Thanks for checking in, have a great rest of your weekend and week ahead!
Don’t forget to follow me on Twitter @TNelsonWNTV
I’ve found myself glancing at the calendar more than normal this month, with wild weather extremes making it feel more like January or February for some, and July or August for others. I’m still confused, and May must be as well! We started off the month with record breaking snow in several cities across the central and northern U.S., warmed back up nicely, and now we’re watching it snow again in parts of Minnesota, Wisconsin, and Michigan. Tender plants are in jeopardy of a frosty nip early Sunday morning down to Kirksville, Missouri, Monday morning into Jackson, Kentucky, and even stretching toward Roanoke, Virginia by Tuesday morning.
This rather stingy spring may have you worried about losing your freshly flowered plants, but you can take action by following these simple steps.
So is this frolic with frost our last of the season? It depends on where you live. The first map shows where we’re typically still seeing average lows of 35-degrees or lower.
As far as the last freeze, this generally occurs sooner in the calendar, but is not the case by Sunday morning. Our first graphic depicts when the Midwest averages their last freeze of the season, defined by temperatures below 32-degrees for a long enough period to kill crops and sensitive vegetation. We spread our last frost out over a couple months, but can still occasionally see frost outside the normal time frames listed here.The graphic below is a general idea of when we may rid ourselves of the ice scraper for the season.
We may be glancing at the calendar once again Tuesday, with near record highs(90s!) stretching up into South Dakota and Minnesota. Look out Minneapolis, you could flirt with your 95-degree record set way back in 1932!
A BIG shout out to my producer, DJ Kayser, for putting together great graphics to help me share the weather story this weekend! Should also wish my Dad a HAPPY BIRTHDAY, and HAPPY MOTHER’S DAY to my Mom. Enjoy your weekend-
Meteorologist Bryan Karrick
What’s wrong with this picture?
Here’s what it looked like at 11am in Houston, Texas today.
Photo credit: Twitter @Rai_ko_ris
Yes, it should not be this dark close to midday on a Friday.
But Houston and other areas of the South endured a stormy morning.
Here’s a look at 12 hour rainfall totals through 4pm CDT.
Want the latest rain totals from NOAA? click here
The Rain is a welcome sight in Texas as 92 percent of the state is in a moderate drought or worse. Almost 100 percent of the Lone Star State is abnormally dry.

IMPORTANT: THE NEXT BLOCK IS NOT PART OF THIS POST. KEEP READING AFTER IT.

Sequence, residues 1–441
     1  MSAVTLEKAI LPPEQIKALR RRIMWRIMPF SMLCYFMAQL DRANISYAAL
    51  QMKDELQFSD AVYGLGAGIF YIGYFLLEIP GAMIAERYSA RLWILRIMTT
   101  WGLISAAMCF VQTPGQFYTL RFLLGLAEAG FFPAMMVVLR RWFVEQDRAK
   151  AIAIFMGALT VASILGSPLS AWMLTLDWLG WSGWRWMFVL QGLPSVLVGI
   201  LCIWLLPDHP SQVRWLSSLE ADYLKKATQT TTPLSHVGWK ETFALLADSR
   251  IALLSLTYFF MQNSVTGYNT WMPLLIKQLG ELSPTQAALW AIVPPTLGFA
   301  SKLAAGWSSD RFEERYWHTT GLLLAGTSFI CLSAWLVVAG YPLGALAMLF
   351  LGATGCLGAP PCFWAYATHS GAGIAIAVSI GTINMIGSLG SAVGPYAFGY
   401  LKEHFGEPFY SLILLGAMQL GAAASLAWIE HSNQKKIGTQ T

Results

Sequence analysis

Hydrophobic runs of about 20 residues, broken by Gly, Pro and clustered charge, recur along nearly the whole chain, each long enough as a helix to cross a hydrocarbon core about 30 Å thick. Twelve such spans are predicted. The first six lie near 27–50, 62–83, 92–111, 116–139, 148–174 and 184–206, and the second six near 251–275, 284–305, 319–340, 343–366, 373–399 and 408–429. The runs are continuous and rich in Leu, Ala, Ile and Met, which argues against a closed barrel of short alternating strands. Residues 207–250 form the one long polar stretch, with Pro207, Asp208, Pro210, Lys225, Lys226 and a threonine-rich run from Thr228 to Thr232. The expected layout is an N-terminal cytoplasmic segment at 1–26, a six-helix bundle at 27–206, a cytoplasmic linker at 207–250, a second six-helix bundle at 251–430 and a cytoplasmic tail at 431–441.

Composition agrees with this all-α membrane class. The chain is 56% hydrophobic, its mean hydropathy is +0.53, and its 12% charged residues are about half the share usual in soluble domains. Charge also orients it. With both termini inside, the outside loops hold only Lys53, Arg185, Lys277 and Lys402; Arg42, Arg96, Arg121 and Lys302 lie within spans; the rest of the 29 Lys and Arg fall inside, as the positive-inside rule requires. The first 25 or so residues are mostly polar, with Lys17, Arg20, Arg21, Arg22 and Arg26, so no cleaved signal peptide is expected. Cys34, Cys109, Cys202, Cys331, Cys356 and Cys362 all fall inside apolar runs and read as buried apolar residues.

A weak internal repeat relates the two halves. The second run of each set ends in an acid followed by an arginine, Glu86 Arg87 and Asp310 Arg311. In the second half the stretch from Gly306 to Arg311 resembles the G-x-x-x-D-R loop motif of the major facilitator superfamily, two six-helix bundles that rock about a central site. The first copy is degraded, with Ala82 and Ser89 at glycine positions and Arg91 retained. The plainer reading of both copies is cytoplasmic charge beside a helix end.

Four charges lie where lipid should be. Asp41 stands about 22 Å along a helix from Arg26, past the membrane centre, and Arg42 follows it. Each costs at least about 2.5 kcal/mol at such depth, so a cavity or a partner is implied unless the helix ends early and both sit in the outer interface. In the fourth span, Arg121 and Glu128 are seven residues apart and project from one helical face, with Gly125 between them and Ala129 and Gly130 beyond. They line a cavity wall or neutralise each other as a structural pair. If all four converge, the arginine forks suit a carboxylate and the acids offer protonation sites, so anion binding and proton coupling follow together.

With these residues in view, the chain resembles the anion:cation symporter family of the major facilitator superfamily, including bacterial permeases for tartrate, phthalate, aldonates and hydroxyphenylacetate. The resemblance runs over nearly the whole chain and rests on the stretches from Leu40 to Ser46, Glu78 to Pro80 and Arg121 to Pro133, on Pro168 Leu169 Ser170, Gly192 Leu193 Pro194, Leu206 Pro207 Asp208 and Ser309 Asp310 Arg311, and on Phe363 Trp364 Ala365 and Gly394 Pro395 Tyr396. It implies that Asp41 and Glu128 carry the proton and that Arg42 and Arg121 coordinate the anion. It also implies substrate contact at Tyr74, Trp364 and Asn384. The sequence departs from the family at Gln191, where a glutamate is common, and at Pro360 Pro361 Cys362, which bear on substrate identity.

Just to the East, it’s been abnormally wet this spring. Look at some of the surpluses in Louisiana, Alabama, and Tennessee.
Georgia has had such a rainy past few months that it’s wiped out a two year drought.
Then on the other side of the spectrum is New Mexico which has the title of driest state in the nation.
Here’s an excerpt from an Associated Press Article by Susan Montoya Bryan.
“The latest map from federal forecasters shows exceptional drought has spread from a quarter of New Mexico to nearly 40 percent in just one week. At this time last year, less than one-tenth of the state was affected by what is considered the worst category of drought.
New Mexico — the nation’s fifth largest state — is in the worst shape of any state, and conditions have only intensified over the past seven days.”
Extremely Dry Out West
While New Mexico is faring the worst. Other Western states are also parched.
From Los Angeles to Portland, there are 6″ to 12″+ precipitation departures! No surprise that drought conditions have been on the rise this Spring. From April 30th to May 7th, severe drought conditions rose by 5% in the western region. And conditions may continue to deteriorate with very little precipitation in the forecast over the next several days.
Climate Central has a great drought summary, “Jet Stream Enhances Drought in West, Midwest Relief”
U.S. Drought Monitor Update
Here’s the latest from the U.S. Drought Monitor:
“Weather Summary: Due to blocking high pressure over the northwestern Atlantic Ocean, a weather system in the Nation’s mid-section stalled and temporarily retrograded westward, dropping widespread moderate to heavy rains on the Mississippi and Tennessee Valleys, Southeast, and Florida. With the addition of a deep southward push of sub-freezing air into the central U.S., accumulating record-late May snows fell as far south as northwestern Arkansas and northeastern Oklahoma. Unfortunately, the moisture bypassed much of the West and southern Plains, and was blocked by the strong high pressure from entering the Northeast. As the period ended, however, enough moisture from an upper-air low off the southern California coast raised humidity levels, lowered winds, and generated widely-scattered showers in the West which aided firefighters battling the huge wild fire in the southern California coastal mountains. Farther east, the slow-moving storm was creeping northeastward into the mid-Atlantic. Most of the lower 48 States and Alaska recorded subnormal weekly temperatures, especially the Plains, with unseasonable warmth confined to the West, Southwest, eastern Great Lakes region, Ohio Valley, and New England.”
Read more HERE:
Precipitation From Normal Nationwide
Precipitation so far this year in the Mississippi River Valley and into parts of the Southeast have been quite impressive. The numbers below represent how much above or below normal precipitation we are since the beginning of the year.
According to NOAAs HPC 3 day forecast, the Southern Plains and Mississippi River Valley will get a good quick soak from showers and thunderstorm through the early weekend. Some of the storms may be severe, so keep an eye to the sky there and also into the Ohio Valley.
Mother’s Day Preview
Hey! Don’t forget about Mom this weekend.
Thanks for checking in, have a great weekend ahead!
Don’t forget to follow me on Twitter @TNelsonWNTV